ALTHOUGH developers have released the efficacy rates of their candidate vaccines against coronavirus disease 2019 (Covid-19), Department of Health (DOH) Undersecretary Maria Rosario Vergeire said nobody can determine yet if any of these vaccines are effective.
A vaccine’s efficacy rate, which determines the degree to which it prevents a disease during clinical trials, differs from its effectiveness, which is measured when the vaccine is administered to the public.
In a virtual press briefing, Health Undersecretary Maria Rosario Vergeire disagreed with the conclusion of Presidential Spokesperson Harry Roque that Sinovac vaccines had a high efficacy rate among Indonesians.
"Just for the information of everybody, no one can really know yet if the vaccine will be effective or not. At least not right now," Vergeire said in a virtual press briefing Friday, January 15, 2021.
"The outcome in the population, that will be measured and it will take long. We cannot see yet if it is effective or not," she added.
Vergeire said vaccine experts have pointed out that it will take several months up to a year before a vaccine’s effectiveness can be measured.
"Once the vaccination is completed, we need to wait for about six months to a year before we are able to reduce deaths or reduce the number of cases," she said.
She was reacting to Presidential Spokesperson Harry Roque’s statement that the vaccine developed by Sinovac Biotech of China posted a high efficacy rate in Indonesia.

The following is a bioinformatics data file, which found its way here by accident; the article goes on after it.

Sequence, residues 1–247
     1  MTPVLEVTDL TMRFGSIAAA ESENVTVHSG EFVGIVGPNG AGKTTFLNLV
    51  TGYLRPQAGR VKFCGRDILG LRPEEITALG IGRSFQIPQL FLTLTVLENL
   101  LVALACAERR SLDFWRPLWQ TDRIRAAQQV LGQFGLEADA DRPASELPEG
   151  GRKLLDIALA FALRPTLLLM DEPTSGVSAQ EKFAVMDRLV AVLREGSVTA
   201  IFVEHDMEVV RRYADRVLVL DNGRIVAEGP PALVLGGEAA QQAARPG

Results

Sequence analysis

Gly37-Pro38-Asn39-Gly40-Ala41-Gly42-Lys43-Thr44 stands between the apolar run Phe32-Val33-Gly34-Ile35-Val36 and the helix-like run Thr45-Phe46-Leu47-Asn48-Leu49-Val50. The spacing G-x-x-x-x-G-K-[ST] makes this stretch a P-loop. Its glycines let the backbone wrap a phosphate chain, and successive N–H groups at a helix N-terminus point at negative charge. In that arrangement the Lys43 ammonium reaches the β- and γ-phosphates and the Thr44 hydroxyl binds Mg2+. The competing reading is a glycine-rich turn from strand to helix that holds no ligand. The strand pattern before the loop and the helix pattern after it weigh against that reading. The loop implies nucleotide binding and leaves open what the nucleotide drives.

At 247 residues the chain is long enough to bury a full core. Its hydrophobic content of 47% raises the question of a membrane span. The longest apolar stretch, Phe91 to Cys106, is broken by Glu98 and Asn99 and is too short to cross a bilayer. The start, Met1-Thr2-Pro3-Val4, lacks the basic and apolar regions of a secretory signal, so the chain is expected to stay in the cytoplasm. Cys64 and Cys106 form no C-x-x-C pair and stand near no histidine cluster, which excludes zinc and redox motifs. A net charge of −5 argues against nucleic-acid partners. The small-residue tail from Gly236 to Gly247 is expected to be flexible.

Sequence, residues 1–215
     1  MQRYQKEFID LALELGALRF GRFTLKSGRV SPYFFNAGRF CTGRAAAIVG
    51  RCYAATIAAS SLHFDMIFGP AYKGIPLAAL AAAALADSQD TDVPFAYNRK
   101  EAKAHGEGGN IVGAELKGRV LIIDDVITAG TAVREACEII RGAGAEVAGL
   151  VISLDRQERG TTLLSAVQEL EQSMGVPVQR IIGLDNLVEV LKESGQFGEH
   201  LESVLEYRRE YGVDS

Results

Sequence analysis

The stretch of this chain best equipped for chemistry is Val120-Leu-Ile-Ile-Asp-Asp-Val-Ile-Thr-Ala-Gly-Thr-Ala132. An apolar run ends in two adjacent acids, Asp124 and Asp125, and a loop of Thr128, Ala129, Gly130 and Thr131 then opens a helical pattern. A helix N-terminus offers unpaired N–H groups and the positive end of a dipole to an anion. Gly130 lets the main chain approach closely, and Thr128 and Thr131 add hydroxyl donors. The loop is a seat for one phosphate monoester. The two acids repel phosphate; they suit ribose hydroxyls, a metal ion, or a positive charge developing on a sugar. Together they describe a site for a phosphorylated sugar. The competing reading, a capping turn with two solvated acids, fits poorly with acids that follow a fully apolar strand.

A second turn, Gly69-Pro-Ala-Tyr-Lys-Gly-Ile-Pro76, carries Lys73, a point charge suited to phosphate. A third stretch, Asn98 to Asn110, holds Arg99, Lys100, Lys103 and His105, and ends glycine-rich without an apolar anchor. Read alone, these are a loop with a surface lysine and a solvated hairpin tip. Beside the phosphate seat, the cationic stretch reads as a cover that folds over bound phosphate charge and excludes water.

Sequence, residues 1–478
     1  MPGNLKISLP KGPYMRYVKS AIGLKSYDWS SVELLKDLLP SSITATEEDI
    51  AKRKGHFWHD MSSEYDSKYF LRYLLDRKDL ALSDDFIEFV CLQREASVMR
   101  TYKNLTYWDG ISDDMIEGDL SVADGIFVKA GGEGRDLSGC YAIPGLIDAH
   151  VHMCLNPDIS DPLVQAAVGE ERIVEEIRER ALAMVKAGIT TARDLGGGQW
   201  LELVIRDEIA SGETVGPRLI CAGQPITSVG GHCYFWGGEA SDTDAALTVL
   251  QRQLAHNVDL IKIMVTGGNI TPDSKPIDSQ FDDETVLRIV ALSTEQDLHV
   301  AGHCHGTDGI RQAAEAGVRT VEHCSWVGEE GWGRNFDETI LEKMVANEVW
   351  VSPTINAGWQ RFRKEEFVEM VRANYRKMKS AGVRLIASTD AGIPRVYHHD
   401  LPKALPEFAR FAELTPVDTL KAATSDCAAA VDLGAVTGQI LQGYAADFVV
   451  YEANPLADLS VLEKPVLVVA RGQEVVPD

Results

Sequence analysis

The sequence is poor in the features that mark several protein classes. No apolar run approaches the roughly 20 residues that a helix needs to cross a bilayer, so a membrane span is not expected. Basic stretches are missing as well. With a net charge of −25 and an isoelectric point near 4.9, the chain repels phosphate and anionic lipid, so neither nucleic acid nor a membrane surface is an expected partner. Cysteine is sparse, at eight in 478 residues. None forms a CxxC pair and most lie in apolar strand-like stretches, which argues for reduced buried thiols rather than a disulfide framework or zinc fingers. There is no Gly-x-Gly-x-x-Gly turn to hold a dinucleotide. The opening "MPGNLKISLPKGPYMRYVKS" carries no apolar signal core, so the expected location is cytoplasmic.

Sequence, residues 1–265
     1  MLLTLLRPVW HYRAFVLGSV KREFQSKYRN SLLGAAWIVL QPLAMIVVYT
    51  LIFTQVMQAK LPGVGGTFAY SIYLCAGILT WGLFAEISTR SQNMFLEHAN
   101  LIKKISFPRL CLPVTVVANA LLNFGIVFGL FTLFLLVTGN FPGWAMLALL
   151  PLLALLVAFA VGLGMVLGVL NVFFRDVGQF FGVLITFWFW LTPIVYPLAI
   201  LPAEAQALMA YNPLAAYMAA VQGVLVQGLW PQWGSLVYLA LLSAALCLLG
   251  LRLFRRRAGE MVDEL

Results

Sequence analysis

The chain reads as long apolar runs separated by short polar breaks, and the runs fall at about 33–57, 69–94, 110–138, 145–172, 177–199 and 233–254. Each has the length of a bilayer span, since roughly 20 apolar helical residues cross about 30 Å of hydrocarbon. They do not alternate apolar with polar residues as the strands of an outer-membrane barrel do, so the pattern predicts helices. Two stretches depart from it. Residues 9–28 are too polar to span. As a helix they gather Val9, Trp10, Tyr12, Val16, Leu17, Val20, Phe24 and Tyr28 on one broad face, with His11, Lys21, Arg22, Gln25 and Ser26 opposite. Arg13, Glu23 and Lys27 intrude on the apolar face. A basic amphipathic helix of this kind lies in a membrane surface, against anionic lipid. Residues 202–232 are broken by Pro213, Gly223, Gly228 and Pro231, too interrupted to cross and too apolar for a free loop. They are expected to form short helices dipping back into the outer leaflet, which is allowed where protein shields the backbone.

Roque sought to defend government’s purchase of 25 million doses of Sinovac vaccines on Friday.
Vergeire, however, agreed with Roque that Filipinos cannot afford to be picky because the supply of Covid-19 vaccines is still limited while global demand is high.
"We need to understand that the government is having this vaccination program to protect the whole Filipino population. That is the objective. At this point, we won't be giving an option which type of vaccine can be availed by an individual," said Vergeire.
"These vaccines forthcoming are the ones that (are) committed to the country. And we all know how much is the global competition for these vaccines," she added.
Nevertheless, the health official assured the public that each vaccine that will be administered in the country shall undergo stringent evaluation by the Food and Drug Administration (FDA).
"We want to give the assurance that all vaccines will go through our process for regulation and all of these vaccines that will get the authorization would be safe and effective for everybody," said Vergeire.
She stressed that no one will be forced to get immunized.
Meanwhile, the DOH said there is high likelihood that a "vaccine passport" policy will be implemented in the country in the future.
Vergeire said there is logic behind requiring travelers to be immunized against Covid-19 before they are allowed to enter or exit the country.
"This vaccine passport, I believe, will be implemented. And when it is widely implemented already, it will be part of protocols to control the borders of each country around the globe," said Vergeire.
"A vaccine passport or this card will certify that you are vaccinated," she furthered.
She said the Philippines is already looking forward to such a policy by having a registry for those who will get inoculated.
"We will have a QR code for each individual that will be immunized," she said.
"This would be something of a unique identifier for each person that will receive (the) vaccine,” added Vergeire. (HDT / SunStar Philippines)